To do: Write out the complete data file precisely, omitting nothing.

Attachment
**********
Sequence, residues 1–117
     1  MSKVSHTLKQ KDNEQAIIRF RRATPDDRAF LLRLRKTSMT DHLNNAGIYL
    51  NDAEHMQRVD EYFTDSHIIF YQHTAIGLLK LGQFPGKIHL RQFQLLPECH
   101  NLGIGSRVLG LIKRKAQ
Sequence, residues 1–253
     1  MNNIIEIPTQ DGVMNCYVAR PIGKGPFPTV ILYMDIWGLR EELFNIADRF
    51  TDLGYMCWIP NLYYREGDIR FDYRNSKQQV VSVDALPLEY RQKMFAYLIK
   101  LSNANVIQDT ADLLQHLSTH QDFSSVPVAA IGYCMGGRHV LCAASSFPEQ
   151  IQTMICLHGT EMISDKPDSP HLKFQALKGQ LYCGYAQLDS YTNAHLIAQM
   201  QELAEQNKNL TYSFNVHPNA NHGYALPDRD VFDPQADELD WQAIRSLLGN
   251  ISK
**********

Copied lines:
Sequence, residues 1–117
     1  MSKVSHTLKQ KDNEQAIIRF RRATPDDRAF LLRLRKTSMT DHLNNAGIYL
    51  NDAEHMQRVD EYFTDSHIIF YQHTAIGLLK LGQFPGKIHL RQFQLLPECH
   101  NLGIGSRVLG LIKRKAQ
Sequence, residues 1–253
     1  MNNIIEIPTQ DGVMNCYVAR PIGKGPFPTV ILYMDIWGLR EELFNIADRF
    51  TDLGYMCWIP NLYYREGDIR FDYRNSKQQV VSVDALPLEY RQKMFAYLIK
   101  LSNANVIQDT ADLLQHLSTH QDFSSVPVAA IGYCMGGRHV LCAASSFPEQ
   151  IQTMICLHGT EMISDKPDSP HLKFQALKGQ LYCGYAQLDS YTNAHLIAQM
   201  QELAEQNKNL TYSFNVHPNA NHGYALPDRD VFDPQADELD WQAIRSLLGN
   251  ISK